But those values did not always resonate outside of Vancouver Island and the Lower Mainland, where ridings such as Skeena, Fraser-Nicola and Columbia River-Revelstoke went to the BC Liberals.

“I would have liked to see better results in rural British Columbia. I’m going to have to do some more work,” Horgan acknowledged. “Having a majority government will allow me to get out of Victoria.”

B.C. VOTES 2020 MAP: Provincial election results, riding by riding

The NDP’s prior minority government, which held onto power and passed legislation only with Green support, required every single vote in order to move forward with its priorities.

Horgan said forestry was among the issues he will tackle for rural B.C. communities.

One key $1.4-billion election promise, the $1,000 direct deposit to households making up to $125,000 (and individuals making up to $62,500), won’t be coming just yet.

Horgan said he’s “hopeful we’ll be able to get back into the legislature but I don’t want to make a promise I might not be able to keep.”

In both 2018 and 2019, the B.C. Legislature did sit in November before breaking for the holiday season. This year, Horgan said there were “a number of issues,” stemming from both pre-election matters and those that came up during the campaign, that had to be tackled as well.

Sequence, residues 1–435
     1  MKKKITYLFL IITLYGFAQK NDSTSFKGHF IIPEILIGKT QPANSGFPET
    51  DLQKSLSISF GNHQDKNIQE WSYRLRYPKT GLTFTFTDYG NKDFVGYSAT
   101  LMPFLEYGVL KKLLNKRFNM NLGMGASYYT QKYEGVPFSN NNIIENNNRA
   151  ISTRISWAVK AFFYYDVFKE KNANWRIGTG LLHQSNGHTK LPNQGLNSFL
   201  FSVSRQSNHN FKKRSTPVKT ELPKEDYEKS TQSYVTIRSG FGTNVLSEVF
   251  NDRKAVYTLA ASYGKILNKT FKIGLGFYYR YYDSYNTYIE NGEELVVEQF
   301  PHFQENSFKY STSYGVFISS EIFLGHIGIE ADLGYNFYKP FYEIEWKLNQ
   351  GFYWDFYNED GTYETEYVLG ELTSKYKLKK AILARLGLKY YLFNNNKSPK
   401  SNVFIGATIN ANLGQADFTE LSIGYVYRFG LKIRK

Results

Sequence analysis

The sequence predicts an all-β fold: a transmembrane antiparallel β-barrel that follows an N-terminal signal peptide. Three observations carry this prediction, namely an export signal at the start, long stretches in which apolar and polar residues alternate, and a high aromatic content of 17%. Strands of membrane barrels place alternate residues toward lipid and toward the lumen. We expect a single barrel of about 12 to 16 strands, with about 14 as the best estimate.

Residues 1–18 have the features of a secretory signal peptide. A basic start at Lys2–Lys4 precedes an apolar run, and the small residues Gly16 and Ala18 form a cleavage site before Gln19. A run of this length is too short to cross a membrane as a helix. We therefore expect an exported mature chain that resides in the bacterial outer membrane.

Due to the pandemic, more British Columbians have decided to vote by mail-in ballot than ever before. Election results won’t be finalized until mid-November, after those mail-in ballots are counted beginning Nov. 6.

Across B.C., a total of 497,900 mail-in ballots were returned to Election BC, as of Friday (Oct. 23). There are roughly 3.5 million registered voters in the province.


@katslepian

katya.slepian@bpdigital.ca

Like us on Facebook and follow us on Twitter.

Want to support local journalism during the pandemic? Make a donation here.

BC NDPBC politicsBC Votes 2020John Horgan